In September, longtime Spanish Professor Dr. Eric Naylor, C’58, passed away, and the campus community mourned and remembered his legacy. He touched the lives of so many in so many ways, not only in Sewanee, but in Spain, in a community where he annually studied and contributed to civic life.
One of Naylor’s most prized possessions was an elaborate toolbox that was built by his grandfather over a century ago. The toolbox was prominently displayed in his living room, along with the prototype of a hand-held mechanical sower—the likes of which is still on sale in farm and garden stores around the world—invented by that same forefather.
For someone fascinated with tools, it is fitting that in making Sewanee the beneficiary of a portion of his estate, Naylor used every tool available to him. He left a donation to the University in his will. In his retirement years, he established many different charitable annuities (gifts to the University that supply the donor with life income). He made Sewanee the beneficiary of his retirement account and life insurance policy, and he also willed his house and property in Sewanee and Obion County to the University. These gifts will be used primarily for the scholarship fund and, additionally, to support other causes within the University community that were important to Dr. Naylor.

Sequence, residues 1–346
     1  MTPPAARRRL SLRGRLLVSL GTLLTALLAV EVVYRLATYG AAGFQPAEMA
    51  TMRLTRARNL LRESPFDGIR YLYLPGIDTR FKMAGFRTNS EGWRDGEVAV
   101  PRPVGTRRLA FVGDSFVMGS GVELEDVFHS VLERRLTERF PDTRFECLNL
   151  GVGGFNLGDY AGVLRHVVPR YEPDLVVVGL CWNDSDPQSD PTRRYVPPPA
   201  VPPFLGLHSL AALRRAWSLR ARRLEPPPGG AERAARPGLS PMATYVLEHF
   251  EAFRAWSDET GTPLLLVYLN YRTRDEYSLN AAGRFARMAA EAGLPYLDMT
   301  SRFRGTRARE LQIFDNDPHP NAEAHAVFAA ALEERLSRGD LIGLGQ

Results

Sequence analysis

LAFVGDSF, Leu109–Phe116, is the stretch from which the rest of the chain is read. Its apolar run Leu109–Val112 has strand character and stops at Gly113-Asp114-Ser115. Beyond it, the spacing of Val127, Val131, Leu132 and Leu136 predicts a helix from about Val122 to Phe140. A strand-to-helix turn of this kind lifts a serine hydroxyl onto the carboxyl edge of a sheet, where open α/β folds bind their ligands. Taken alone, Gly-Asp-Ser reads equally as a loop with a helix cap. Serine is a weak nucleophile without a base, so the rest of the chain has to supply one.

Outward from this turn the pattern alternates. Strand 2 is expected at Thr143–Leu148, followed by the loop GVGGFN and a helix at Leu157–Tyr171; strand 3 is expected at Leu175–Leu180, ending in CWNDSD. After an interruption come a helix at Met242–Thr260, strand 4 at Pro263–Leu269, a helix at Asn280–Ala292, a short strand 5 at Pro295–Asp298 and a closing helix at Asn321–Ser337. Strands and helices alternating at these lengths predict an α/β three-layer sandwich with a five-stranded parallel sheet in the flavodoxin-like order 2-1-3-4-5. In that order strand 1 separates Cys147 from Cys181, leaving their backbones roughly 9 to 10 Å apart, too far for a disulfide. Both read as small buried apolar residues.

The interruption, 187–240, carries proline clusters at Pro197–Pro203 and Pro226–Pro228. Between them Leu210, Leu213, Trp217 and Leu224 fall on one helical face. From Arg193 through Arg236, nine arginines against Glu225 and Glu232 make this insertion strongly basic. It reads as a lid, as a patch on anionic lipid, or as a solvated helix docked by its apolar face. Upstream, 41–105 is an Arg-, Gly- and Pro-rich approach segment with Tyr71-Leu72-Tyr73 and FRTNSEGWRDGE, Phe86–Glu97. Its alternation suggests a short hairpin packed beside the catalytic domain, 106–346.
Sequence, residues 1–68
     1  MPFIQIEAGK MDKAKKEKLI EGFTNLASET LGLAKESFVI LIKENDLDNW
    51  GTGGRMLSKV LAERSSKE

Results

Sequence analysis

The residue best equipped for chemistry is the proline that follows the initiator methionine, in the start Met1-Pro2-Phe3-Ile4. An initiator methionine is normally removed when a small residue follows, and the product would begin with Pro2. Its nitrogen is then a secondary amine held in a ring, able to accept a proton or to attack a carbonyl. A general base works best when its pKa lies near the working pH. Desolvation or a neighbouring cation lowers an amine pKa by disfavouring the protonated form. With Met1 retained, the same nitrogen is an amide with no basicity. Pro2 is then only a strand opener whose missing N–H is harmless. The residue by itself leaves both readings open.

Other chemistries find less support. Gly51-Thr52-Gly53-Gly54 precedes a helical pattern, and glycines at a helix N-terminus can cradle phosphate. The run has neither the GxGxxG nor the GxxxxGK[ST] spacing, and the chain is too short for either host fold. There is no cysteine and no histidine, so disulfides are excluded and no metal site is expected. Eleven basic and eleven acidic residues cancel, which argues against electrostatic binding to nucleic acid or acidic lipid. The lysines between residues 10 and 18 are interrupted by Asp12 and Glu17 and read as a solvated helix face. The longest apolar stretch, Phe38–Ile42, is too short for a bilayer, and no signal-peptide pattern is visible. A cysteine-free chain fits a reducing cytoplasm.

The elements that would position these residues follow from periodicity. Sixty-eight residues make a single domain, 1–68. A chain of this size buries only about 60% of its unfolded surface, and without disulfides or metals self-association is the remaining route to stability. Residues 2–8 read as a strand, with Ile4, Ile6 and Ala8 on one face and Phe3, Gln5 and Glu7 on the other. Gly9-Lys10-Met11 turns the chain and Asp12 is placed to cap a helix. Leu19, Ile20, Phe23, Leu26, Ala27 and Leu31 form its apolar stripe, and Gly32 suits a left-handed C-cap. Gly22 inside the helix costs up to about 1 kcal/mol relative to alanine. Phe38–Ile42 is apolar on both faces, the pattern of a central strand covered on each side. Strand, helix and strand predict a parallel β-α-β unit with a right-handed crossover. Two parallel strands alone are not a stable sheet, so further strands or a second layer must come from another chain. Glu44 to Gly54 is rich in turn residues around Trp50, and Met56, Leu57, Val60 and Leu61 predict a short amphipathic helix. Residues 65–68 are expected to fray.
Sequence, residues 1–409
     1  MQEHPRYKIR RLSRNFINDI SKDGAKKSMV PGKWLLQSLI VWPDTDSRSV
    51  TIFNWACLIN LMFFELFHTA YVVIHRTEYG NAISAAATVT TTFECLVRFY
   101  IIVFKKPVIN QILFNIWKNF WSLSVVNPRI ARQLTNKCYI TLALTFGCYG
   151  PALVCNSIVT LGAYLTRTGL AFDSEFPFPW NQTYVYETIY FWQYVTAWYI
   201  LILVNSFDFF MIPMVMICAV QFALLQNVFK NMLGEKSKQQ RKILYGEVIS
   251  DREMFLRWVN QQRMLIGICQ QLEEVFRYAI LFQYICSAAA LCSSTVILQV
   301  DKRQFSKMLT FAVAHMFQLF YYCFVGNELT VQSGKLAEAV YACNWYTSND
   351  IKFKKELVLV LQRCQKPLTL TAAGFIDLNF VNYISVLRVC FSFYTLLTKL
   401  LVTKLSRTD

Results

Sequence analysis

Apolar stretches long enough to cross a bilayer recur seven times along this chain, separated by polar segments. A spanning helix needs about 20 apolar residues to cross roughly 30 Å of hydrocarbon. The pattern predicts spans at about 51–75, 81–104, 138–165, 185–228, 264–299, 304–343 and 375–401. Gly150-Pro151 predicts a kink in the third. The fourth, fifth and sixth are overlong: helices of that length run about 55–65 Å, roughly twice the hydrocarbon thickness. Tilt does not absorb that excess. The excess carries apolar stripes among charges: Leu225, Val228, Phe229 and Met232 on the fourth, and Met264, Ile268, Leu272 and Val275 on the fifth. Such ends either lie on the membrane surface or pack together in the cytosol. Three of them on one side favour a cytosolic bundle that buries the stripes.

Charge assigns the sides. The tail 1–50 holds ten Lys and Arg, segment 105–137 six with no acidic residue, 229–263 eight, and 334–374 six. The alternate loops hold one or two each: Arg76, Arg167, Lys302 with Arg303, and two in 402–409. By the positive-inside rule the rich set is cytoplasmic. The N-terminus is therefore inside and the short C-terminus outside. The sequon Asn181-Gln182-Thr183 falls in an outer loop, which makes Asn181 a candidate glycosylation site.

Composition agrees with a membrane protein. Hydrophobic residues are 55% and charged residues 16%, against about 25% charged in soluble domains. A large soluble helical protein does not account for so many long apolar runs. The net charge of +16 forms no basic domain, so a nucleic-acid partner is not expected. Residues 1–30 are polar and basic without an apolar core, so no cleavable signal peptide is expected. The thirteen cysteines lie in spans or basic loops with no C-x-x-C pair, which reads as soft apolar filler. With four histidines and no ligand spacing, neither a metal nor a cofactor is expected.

The result of all these gifts to the University will be the establishment of one of the larger scholarship endowments at Sewanee. First preference for awards will go to aspiring students from Naylor’s hometown of Union City, Tennessee. At the very least, the gift acknowledges Naylor’s love for humanity and his alma mater. At most, it will launch a virtual cycle, with some new student from the plains of northwest Tennessee launching, with the good graces of a Sewanee education, an illustrious career as a scholar, teacher, mentor, and the very best of friends.